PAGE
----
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Nurse Practitioner Job Description
Nurse practitioners are medical professionals who have advanced training beyond that of a registered nurse. They can treat patients from infancy and beyond, recommend laboratory and diagnostic tests, and are legally allowed to prescribe medications. They are also pivotal in providing preventive suggestions to patients, and they work one on one with patients to help them establish healthy lifestyles.
Many nurse practitioners work alongside doctors, registered nurses, and other medical personnel. Most nurse practitioners work in doctors' offices and hospitals, but some are employed by colleges and universities and outpatient facilities. Nurse practitioners can also open their own private practices if they specialize in one area of medicine. A nurse practitioner should be comfortable in a leadership position, since many times they will be in charge of other registered nurses and employees in a doctor's office. They must also possess compassion for patients, a genuine desire to work with people and communicate well with them, and have the ability to make decisions quickly regarding the health and medical conditions of patients. Their job can be stressful at times, so nurse practitioners must be able to work well under pressure.
Working conditions can be physically demanding, as nurse practitioners are on their feet for long periods of time and they come into contact with many illnesses. Nurse practitioners usually work full-time. Those working in doctors' offices will have regular office hours, but they are sometimes expected to be on call at various hours of the day. Those nurse practitioners employed in hospitals will often work shifts during the night, on the weekends and on holidays.
Nurse Practitioner Duties
On a daily basis, [nurse practitioners] might perform the following duties:
- Perform physical exams
- Assess patients and then diagnose medical issues
- Prescribe medications and administer treatment
Nurse practitioners are also know as advanced practice registered nurses.
How To Become A Nurse Practitioner
In order to become a nurse practitioner, one should receive a bachelor's of science in nursing or a related field from an accredited school and pass a registered nursing state board exam and become licensed. Then, one must attend an accredited nurse practitioner master's degree or doctorate program and pass the national certification exam for nurse practitioners.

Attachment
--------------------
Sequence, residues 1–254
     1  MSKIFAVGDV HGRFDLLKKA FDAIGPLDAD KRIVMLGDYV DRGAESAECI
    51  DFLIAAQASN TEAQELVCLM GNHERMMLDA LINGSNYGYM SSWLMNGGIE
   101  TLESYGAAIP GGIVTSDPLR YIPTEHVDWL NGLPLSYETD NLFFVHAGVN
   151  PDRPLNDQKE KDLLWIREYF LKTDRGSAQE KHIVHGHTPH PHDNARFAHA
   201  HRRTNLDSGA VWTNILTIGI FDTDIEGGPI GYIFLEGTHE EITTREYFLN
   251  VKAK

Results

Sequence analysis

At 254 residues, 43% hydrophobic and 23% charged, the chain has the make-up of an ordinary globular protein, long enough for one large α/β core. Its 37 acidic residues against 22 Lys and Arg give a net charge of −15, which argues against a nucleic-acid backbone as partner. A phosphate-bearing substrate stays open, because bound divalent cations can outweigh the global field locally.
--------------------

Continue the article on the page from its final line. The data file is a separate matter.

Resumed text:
===How Long Does It Take To Become A Nurse Practitioner?===' It usually takes about 6-8 years to become a nurse practitioner. Four years are spent completing a registered nursing degree or related degree, and then an additional 2 to 4 years earning a master's degree.
There are several ways to become a nurse practitioner. The most common route is to obtain a bachelor's degree in nursing, gain experience in the medical field, and then apply to a nurse practitioner master's degree program. Some colleges will allow prospective students who have a degree in another field but are registered nurses, the ability to combine the registered nurse and nurse practitioner program. This is called an RN bridge program.
Before gaining admission to a program with a registered nursing degree or a degree in another related area, students will need to satisfy all prerequisite classes in biology, anatomy and physiology, and statistics and will need a valid state nursing license. Most schools require that all candidates pass a background check and achieve satisfactory scores on an entrance exam. Some programs also prefer that prospective students have experience in the medical field.
Once accepted into a program, candidates will then complete coursework in classes such as Population Based Approach To Health Care, Clinical Pharmacology, and Pathophysiology. There is also a substantial clinical portion of a nurse practitioner's degree. Students will spend time utilizing their skills in a variety of healthcare settings in such areas as women's health, family care, and pediatrics.
Most state require that nurse practitioners pass a national certification exam. In addition to mandatory certification, there are many other specializations that nurse practitioners can become certified in. Specializations include: pediatrics, high risk perinatal, cardiac rehabilitation, and public health nursing. Nurse practitioners periodically need to renew their licenses and take continuing education classes.
All nurse practitioners must be licensed. They must be state licensed as registered nurses which requires the passage of a state licensing exam.
The job outlook for nurse practitioners is excellent. This employment field is expected to grow by 34 percent until from 2012 until 2022. This will result in 37,100 new jobs. New healthcare legislation will make healthcare services available to a larger number of the population, so the demand for nurse practitioners will increase. In addition, there are more people growing older, and they will need access to more healthcare services as they age. Nurse practitioners are also being allowed to perform more procedures, and that will result in more patients using them for their primary care needs instead of doctors.
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